Search for MH370 will become more challenging now

Search for MH370 will become more challenging now

The search for MH370 will enter a new and more challenging phase if it is confirmed that debris spotted by satellite in the southern Indian Ocean came from the Malaysia Airlines aircraft, experts said.

When Air France Flight AF447 crashed into the Atlantic Ocean in June 2009 en route from Rio de Janeiro to Paris, it took almost two years to find the black box and the bulk of the wreckage.

Mr Michael Daniel, a retired United States Federal Aviation Administration official, told The Straits Times on Thursday: "As time passes - and it has been 12 days since MH370 went missing - it becomes more challenging because the debris field would have expanded due to the ocean currents and wind."

When the Air France plane went down, the first signs of debris were located within five days.

That the search for MH370 is being conducted in one of the most remote parts of the world - the vast southern oceans between Australia, southern Africa and Antarctica - adds to the challenge, experts said.

Professor of Oceanography Charitha Pattiaratchi at the University of Western Australia was reported by Reuters as saying the area covers an ocean ridge known as Naturalist Plateau, a large sea shelf about 3,500m deep.

The plateau is about 250km wide by 400km long, and the area around it is close to 5,000m deep.

Close to two weeks after MH370 disappeared about 50 minutes after taking off from Kuala Lumpur for Beijing, the Australian authorities said on Thursday that two large floating objects had been spotted by satellite about 2,500km south-west of Perth.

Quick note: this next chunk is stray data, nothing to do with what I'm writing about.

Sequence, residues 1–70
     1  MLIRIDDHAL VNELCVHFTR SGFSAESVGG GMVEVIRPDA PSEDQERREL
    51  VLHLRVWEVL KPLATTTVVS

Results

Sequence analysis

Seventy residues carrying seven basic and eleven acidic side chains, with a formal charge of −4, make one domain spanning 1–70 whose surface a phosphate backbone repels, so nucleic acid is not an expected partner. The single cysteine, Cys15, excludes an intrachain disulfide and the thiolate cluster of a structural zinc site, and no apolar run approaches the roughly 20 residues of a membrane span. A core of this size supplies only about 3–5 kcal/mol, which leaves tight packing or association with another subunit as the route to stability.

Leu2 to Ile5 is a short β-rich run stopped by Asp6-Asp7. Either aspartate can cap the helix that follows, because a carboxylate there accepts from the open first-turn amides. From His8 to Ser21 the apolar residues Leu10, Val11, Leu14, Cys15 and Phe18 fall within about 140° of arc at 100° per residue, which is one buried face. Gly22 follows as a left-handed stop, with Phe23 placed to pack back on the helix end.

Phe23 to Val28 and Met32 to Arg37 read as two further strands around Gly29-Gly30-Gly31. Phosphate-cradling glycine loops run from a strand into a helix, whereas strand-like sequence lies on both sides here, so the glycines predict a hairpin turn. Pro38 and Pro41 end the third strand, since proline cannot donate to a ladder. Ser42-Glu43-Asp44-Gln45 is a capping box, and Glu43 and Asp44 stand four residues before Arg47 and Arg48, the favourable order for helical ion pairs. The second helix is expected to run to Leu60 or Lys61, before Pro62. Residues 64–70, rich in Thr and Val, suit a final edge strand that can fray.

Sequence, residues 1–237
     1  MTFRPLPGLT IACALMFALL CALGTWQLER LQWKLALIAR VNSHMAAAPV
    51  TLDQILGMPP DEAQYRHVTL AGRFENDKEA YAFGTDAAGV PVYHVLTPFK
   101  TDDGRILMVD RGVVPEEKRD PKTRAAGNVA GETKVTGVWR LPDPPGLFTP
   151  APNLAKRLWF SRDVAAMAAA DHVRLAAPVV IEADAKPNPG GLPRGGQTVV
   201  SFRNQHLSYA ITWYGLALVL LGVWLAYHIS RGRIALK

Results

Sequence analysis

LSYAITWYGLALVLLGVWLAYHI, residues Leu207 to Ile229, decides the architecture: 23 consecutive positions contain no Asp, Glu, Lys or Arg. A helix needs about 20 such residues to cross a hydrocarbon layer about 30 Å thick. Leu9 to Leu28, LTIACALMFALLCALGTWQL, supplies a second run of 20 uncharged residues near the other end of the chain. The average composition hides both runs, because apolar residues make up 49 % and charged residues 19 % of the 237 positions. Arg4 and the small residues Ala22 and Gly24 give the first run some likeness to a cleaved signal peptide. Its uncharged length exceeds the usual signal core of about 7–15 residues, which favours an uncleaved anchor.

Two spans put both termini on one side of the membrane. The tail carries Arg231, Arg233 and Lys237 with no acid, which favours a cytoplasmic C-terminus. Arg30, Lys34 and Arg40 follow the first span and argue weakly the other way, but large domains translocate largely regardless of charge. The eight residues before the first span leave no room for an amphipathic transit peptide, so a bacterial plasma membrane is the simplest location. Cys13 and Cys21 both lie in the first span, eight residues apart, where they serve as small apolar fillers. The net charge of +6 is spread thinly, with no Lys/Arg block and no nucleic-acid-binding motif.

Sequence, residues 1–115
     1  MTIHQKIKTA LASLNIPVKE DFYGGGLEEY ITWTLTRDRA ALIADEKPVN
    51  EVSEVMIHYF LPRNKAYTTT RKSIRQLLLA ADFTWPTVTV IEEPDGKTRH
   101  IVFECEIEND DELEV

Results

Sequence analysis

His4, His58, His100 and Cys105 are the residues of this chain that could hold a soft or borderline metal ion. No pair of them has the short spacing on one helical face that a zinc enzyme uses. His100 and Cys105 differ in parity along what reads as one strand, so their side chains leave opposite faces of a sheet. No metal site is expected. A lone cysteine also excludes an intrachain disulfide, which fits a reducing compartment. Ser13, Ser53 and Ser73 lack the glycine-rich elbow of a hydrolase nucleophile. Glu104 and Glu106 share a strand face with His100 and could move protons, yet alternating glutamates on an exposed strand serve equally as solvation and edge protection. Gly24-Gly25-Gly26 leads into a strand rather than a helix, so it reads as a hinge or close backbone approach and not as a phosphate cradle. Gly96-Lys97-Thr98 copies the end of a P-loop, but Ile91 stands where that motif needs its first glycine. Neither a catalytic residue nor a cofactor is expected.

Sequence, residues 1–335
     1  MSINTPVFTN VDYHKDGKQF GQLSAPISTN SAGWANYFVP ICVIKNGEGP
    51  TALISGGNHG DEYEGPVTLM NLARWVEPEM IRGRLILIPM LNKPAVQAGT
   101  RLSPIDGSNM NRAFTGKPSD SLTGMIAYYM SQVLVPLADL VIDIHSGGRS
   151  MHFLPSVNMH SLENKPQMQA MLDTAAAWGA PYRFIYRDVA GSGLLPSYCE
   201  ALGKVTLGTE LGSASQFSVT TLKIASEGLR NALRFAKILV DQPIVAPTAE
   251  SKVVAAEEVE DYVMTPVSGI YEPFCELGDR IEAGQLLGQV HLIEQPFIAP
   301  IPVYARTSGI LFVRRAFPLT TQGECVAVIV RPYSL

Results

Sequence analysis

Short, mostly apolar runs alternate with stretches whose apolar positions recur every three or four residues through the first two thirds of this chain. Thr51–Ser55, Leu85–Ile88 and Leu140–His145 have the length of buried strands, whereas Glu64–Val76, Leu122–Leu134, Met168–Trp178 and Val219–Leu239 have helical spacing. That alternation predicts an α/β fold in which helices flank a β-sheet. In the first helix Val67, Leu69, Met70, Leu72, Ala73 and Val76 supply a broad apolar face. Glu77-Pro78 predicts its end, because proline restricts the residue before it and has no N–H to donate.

The larger piece appears to be about 24m, and the smaller, about 5m. Ships and other assets have been deployed to the area.

"If they have a strong feeling or indication that the debris belongs to the aircraft, one of the first things the authorities will do is drop sonar buoys in the water," Mr Daniel said. "If the black box is there, the buoys should be able to pick up the signals. This could take up to 48 hours, but it all depends on how near or far the ships and other assets are."

A sonar buoy is a device equipped with an acoustic receiver and a radio transmitter that emits radio signals when it detects underwater sounds.

The battery in the black box typically runs for a month.

Malaysia is prepared to move to the next phase, Acting Transport Minister Hishammuddin Hussein told a news briefing last Thursday.

"If we can confirm that the debris identified this morning is the exact debris and efforts are now being made to go to that location, the next step is to actually find the black box.... So now, we are preparing for a possible operation, a multinational operation, to recover that black box."

Deep-sea searches and surveillance are already being looked into, Datuk Seri Hishammuddin said, noting that few countries have such capabilities.

If the black box is not found within 30 days, as was the case in the Air France disaster, "then we are looking at submarine technology", he said.

"And before that becomes an issue, let me tell you that the Malaysian submarines do not have that technology," he said.

Even as the search intensifies in the Indian Ocean, the latest evidence could turn out to be a false lead. The objects could be shipping containers caught in swirling currents known for creating garbage patches in the open ocean, Australian Maritime Safety Authority official John Young told reporters in Canberra on Thursday.

Mr Daniel cautioned that the authorities should not be making any announcements until they can first verify the information.

"This seems to be a continuing problem in this investigation," he said. "It is getting to a point now where all these false leads are becoming more problematic for the families and loved ones of passengers and crew."

karam@sph.com.sg


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